Review: Assassin’s Creed Odyssey (Sony PlayStation 4)

14 mins read

Review by Ginny W.

The sunlight is almost blinding as it glints off the rolling hills of Phokis. My horse, Phobos, has somehow survived a bloodless goring by a bus-sized boar who charged right at us while we were enjoying a leisurely canter across a plateau. Unfortunately, he’s nothing like his namesake, because as soon as his legs fold under him he darts off and leaves me staring right down the barrel of the Kalydonian Boar. I roll out of the way just in time as giant tusks slam into the area where my feet were moments ago and as I escape a mortal wounding, time seems to slow. Flames lick their way down my twin blades and I score the beast across its flanks once, twice, and then a third time before the flow of time snaps back into place and the wounded animal roars angrily.

We’re locked in combat, tusks against steel, as day turns into night and then into day once more. As the sun comes up, I finally skewer the pig between its eyes and take a moment to catch my breath before looting its body, the bodies of all of its children, and magically teleporting myself to the top of a statue of Artemis a few hundred meters away. The quest-giver accepts the skin of the boar I just killed, we flirt until she alludes us having to an orgy with other the Daughters of Artemis, and I walk away with 3,300 EXP and more drachmae than anyone in the region would realistically see as part of a month’s work. This is Assassin’s Creed: Odyssey – a brash, tongue-in-cheek romp through a world that looks like Ancient Greece, schemes like Ancient Greece, but is most assuredly not a Greece that our historians would recognise.

Assassin’s Creed Odyssey sells itself as a tour of Ancient Greece and as a Pick Your Own Adventure game. You play as either Alexios or Cassandra, mercenaries with a tragic family past steeped in betrayal, political intrigue, and almost comical doses of misunderstanding. It’s really the perfect vehicle for a classic Euripidean tragedy; Odyssey in particular clearly revolves around a heroic figure who is humanised by moral failings. Firstly, you’re thrown into a prologue explaining your character’s backstory, replete with godly wrath and family honour. Secondly, there is the parados, where the game’s narrative unfolds in its usual episodic way to chart the journey of the tragic hero. Thirdly, there are the stasima – these take the form of cutaways to the modern times and Abstergo’s concerns with the Animus, allowing us comment on events that we witnessed in the parados. Last but not least, everything overwhelmingly goes to custard.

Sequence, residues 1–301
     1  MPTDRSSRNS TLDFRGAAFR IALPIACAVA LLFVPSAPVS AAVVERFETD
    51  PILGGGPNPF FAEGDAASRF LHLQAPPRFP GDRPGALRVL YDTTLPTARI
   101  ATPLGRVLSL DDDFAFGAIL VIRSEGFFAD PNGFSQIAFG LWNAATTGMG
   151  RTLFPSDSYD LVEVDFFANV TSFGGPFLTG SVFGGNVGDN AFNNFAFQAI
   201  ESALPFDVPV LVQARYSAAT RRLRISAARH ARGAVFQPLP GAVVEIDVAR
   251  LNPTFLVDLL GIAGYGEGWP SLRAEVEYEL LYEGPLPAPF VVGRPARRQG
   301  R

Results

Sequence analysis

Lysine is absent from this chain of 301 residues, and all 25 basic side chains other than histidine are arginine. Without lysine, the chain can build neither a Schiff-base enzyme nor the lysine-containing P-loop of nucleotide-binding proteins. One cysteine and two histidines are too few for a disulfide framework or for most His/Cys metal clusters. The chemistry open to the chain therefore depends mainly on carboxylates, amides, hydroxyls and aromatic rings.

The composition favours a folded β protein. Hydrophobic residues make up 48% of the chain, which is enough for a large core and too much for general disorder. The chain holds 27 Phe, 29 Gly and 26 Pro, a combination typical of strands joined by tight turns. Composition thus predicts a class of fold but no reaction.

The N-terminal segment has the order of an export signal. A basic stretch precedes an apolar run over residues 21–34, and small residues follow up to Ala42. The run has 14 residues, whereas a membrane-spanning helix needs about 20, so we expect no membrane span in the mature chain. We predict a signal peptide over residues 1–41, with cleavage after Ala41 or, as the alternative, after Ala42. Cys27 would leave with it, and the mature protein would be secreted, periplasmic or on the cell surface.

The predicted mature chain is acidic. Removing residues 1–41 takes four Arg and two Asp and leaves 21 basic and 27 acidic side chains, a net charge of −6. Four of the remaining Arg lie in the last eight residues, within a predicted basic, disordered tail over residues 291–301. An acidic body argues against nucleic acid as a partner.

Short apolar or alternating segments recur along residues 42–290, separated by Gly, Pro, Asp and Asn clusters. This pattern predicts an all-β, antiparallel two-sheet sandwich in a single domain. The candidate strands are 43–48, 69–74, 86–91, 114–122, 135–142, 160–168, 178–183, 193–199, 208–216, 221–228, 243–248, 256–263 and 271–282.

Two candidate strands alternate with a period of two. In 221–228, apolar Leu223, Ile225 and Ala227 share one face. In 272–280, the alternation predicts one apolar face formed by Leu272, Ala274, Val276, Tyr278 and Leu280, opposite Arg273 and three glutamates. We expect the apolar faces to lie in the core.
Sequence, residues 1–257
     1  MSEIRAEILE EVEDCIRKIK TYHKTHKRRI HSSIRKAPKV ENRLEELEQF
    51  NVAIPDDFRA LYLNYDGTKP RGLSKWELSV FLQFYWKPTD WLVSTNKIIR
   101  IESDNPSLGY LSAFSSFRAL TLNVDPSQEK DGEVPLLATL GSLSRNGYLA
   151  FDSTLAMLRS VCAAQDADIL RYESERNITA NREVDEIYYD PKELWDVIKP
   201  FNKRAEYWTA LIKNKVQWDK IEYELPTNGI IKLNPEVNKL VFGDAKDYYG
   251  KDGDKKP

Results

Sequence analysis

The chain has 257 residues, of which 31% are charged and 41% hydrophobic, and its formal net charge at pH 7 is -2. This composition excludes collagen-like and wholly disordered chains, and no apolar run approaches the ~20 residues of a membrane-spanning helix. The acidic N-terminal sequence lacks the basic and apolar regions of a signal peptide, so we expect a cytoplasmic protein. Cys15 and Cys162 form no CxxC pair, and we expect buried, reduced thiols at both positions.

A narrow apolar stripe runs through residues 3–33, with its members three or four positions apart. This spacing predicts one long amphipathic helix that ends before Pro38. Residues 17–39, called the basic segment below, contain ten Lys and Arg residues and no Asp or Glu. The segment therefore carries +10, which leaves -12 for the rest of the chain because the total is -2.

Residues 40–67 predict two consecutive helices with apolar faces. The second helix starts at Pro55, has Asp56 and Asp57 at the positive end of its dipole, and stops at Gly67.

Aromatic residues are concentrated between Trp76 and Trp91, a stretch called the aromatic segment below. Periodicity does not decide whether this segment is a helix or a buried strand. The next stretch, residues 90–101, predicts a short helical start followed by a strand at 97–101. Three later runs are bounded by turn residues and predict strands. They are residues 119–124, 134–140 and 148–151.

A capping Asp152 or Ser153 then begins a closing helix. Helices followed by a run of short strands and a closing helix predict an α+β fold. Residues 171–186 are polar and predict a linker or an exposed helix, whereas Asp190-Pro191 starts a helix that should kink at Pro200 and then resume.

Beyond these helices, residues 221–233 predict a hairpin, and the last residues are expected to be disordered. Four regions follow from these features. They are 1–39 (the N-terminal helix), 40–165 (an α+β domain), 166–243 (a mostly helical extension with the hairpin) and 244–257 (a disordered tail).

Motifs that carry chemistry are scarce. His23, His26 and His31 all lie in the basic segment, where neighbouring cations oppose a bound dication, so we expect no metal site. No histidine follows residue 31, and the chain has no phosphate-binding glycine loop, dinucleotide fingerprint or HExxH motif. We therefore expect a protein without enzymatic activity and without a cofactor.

The game goes to great lengths to tie itself to the world that we know now by offering up geographical tidbits on every ancient landmark that you can shake a stick at, ranging from an unusually deep natural pool to a sheep hut on the ranges. Googling any of those locations nowadays would net you a link to a list of Greek’s most scenic environments, and it’s admirable that the team at Ubisoft has tried to make the world of Odyssey contemporaneously exciting. If you take a screenshot of a beautiful moment at a landmark, others will be able to view that screenshot as well and to share in the glory with you. Think Instagram, but courtesy of Abstergo, and perhaps more functional, if it weren’t adding dozens more icons to clutter up the already heaving map.

It’s those icons that really make your odyssey seem less like Homer’s Odyssey and more like a walking tour. That isn’t necessarily a bad thing if your only objective is sightseeing, but it does go some way in removing you from the tragic story that it tries very hard to make you care about. Things like fast travel options and collectible icons being strewn across the map like leaves in the wind are not new to the Assassin’s Creed franchise by any means, but charting your legendary course across the Aegean feels a lot less cool when you’re inadvertently distracted by the compulsive need to dock your gigantic warship every kilometre or so for the sole purpose of climbing a giant tree so that your bird gets better at telling you where guards might be.

This isn’t a matter of looking a gift eagle in the mouth, but more a critique about scene-setting and immersiveness. Assassin’s Creed Odyssey drops you into the middle of an incredibly well-crafted and reactive world, so to have to spend any time out of it or to do things that make you forget about all that environmental storytelling seems like a mistake. The gigantic numbers popping up next to enemies when you deal damage to them has much the same effect. The health bars are one thing – those are visually helpful enough without needing the addition of glowing figures in the triple digits that tell you what you already know, “Yes, Alexios, you’re really showing them who’s boss.”